Saturday, 11 October 2008

Saying Something

"I had to get all American again," the elderly woman moaned to her companion as she set a pile of books on the check-out counter with a resigned sigh.

I looked up. I'd been thoroughly in my own world, happily browsing among the shelves, delighted to be in such close proximity to so many books I could read again. No one, to my knowledge, knew my nationality and since everyone around me appeared to be British, they no doubt assumed I was one of them.

"It's hard to know what to pick out," her friend agreed rather vaguely, shifting her own selection of books from one arm to the other.

"And there are just so many American books," the first woman moaned again, causing me to give her a hard look that sailed right over her silly head.

For a brief moment, I had a nasty fantasy of sticking this woman in a room with one of my English-people-hating acquaintances or relations. Part of me delighted in picturing this; part of me winced at the very thought. I really ought to say something...

"Mmm," murmured her friend, "there are a lot of American books, aren't there?"

I found myself grinding my jaw and counting slowly to ten. Of course there are a lot of American books available. There are a lot of British books out there too, to say nothing of Australian, Canadian, etc. Aren't we all lucky?

"Have you got The Secret Life of Bees?" I asked the woman at the check-out counter in my best American whine, and I spoke as loudly as I could too. Decades away from my country of origin have leached away much of the American from my accent, but I did my best to put it all back in now. No way did I want this woman to go on. I swear, if I'd had my passport on me I'd have flashed it at her. In fact, I was desperate to make it obvious that I was not Canadian.

"Got your books?" my husband asked, joining us at the check-out counter. He looked happy: he'd just found that the tiny library we were in stocked a full selection of Terry Pratchett.

"Just this one!" I said brightly, watching as the woman's friend checked out five Catherine Cookson books. "But this is such a good book, I'm just thrilled I found it!" And I'm betting the author is American too, so nyaa nyaa nyaa!

My husband was too absorbed in his books to notice my brand-new southern drawl. If the two women noticed it, they never batted an eye.

"I've read all those," the whiner remarked to her friend, tapping one of the Catherine Cooksons with her finger. "In fact, I think I've read ALL of hers."

I found the snob in me rearing its ugly head. It might be hard for some people to know what to check out, but I never have any problem figuring out what NOT to check out, and Catherine Cookson is way up there on my list. On behalf of the hard-working American novelists who wrote whatever books the whiner checked out (I tried to see, but she was holding them in such a way that I could not) and all the good British authors whose works this woman cannot possibly have read, I felt well and truly vexed. And what business does she have complaining about American novels when she's been checking out Catherine Cookson anyway?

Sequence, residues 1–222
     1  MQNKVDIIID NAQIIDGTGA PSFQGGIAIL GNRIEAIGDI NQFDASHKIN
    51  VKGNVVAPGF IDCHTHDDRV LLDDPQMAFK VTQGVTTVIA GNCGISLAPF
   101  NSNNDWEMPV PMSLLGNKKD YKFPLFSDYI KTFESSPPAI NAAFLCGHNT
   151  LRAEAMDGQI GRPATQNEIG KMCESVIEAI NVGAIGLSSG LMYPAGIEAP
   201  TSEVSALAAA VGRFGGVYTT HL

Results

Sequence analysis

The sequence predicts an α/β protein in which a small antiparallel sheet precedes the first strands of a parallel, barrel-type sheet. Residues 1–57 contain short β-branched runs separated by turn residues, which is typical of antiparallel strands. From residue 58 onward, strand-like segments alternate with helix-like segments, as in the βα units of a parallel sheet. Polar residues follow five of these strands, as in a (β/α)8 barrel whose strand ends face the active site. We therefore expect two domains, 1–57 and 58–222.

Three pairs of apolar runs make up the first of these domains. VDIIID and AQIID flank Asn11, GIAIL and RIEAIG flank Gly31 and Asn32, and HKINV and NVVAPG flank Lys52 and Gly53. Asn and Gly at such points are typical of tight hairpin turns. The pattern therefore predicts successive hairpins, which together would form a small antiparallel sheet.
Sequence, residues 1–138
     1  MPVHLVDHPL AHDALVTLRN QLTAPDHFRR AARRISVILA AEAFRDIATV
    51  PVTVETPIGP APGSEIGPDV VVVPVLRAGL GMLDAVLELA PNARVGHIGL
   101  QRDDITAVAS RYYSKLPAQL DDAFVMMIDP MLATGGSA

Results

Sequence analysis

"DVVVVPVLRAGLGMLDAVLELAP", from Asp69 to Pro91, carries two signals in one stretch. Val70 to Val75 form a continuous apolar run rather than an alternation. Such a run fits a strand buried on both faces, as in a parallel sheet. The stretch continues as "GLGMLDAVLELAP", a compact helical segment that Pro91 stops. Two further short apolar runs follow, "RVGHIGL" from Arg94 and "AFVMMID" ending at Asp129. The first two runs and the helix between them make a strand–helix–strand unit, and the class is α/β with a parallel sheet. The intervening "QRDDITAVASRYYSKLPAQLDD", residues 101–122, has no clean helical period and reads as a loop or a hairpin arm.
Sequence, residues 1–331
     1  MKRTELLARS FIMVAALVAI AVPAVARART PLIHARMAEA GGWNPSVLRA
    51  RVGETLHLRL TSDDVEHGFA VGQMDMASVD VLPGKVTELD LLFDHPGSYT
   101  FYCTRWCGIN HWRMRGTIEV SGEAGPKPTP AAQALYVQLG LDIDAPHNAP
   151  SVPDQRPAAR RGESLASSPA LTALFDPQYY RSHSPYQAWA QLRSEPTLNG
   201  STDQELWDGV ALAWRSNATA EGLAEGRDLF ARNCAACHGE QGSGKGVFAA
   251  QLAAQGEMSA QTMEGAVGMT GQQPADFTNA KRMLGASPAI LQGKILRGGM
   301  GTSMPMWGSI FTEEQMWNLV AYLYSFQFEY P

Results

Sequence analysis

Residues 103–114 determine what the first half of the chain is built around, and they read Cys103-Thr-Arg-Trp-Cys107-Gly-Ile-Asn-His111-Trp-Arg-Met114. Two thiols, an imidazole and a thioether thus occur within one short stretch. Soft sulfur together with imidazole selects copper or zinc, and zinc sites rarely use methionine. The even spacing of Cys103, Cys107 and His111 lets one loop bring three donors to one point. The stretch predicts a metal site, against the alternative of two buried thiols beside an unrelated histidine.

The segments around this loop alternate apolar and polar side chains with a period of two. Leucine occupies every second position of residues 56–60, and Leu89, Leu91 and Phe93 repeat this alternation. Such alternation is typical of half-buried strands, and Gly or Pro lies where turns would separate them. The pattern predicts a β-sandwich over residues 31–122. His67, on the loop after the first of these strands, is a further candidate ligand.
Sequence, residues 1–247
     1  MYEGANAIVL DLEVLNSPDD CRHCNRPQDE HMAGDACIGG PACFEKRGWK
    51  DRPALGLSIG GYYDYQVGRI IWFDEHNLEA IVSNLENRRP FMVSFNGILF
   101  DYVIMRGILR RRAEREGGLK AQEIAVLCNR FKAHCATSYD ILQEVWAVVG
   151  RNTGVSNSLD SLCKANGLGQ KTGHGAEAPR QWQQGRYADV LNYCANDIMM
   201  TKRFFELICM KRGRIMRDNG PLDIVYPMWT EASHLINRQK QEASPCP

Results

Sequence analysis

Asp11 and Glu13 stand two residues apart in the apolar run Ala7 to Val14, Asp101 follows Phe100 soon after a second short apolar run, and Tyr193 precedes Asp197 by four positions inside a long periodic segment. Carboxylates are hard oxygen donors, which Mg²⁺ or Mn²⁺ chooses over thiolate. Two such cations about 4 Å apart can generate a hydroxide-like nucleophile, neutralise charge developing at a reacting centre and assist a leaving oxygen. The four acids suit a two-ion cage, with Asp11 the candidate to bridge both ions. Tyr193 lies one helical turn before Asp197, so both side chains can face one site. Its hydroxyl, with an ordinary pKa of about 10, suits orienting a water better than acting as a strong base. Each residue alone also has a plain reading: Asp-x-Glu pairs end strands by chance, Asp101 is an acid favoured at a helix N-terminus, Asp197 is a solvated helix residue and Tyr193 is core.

Wish I'd said something, but it probably wouldn't have helped if I had.

Later I saw the reluctant American-novel-reading woman chatting with another friend outside. There was a charity jumble sale in benefit of a cancer society and both woman, originally light-skinned, had tanned their skins to a dark, leathery brown. They were hatless and the noontime sun was blazing down. And both women were smoking. "Put those cigarettes out!" I longed to tell them. "Giving money to a cancer charity is well and good, but you guys are crappy examples for my children. And for pity's sake, get a hat on and slap on some sun screen. Your skin can't take getting fried like that."

Wish I'd said something, but it definitely wouldn't have helped.

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18 comments:

Charles Gramlich said...

I can understand someone not being happy with another country's political leaders, but why should that extend to food, or clothes, or books for goodness sake. How ridiculous.

Kim Ayres said...

Given the smoking and tanning, I guess helping the cancer charity was more of an investment...

Robin said...

There was no need to say anything snarky (as you had sumised, anyway), because the melanomas happily propagating in their dermis will soon make any revenge for their snooty attitudes moot. What sillies.

Kappa no He said...

Do people still thinking smoking and tanning are cool? Those women are insane. You did good to hold your tongue. Strong, strong woman, you are!

Carole said...

Catherine Cookson, Tanning, Smoking, Whining. Hmmm.

On the bright side it gave you fodder for a very good post.

The Anti-Wife said...

I so wish you had said something. Next time, please do!

Ello said...

Seriously, it wouldn't have helped and you did the right thing not saying anything. You took the higher ground and that is all you can do. Besides, there isn't anything you could say or do that smoking and the sun won't do to them worse.

All Rileyed Up said...

I can't imagine ever not wanting to read a book because of where the author was from. Silly.

Stop by my blog today, if you have a chance (to claim award, hint hint).

ChrisEldin said...

When I'm in Dubai, I'm lamenting all the British novels there.
And funny, the Brits in Dubai LOVE the sun. I cannot fathom this. They are also (generally speaking, of course, because I have a few close friends), tanned to the hilt and smoking. The running joke is "Did you see the Brit lady driving her SUV while texting and smoking..." Sorry.
This was a nice rant.

marshymallow said...

My roommate this summer told me she "read a lot" - she usually had about half a dozen Catherine Coulter novels around. And the other day I was talking to a very well-educated lady who had never heard of the Bronte sisters, or Jane Eyre. When there is so much excellent literature out there, why do people content themselves with something less?

Mary Witzl said...

Charles -- I feel just the same. Feel free to have at our government -- we do too. But our literature is perfectly fine and if anything, we deserve kudos for it. And if the ladies really found it so tiresome, who was forcing them to read it? Sheesh.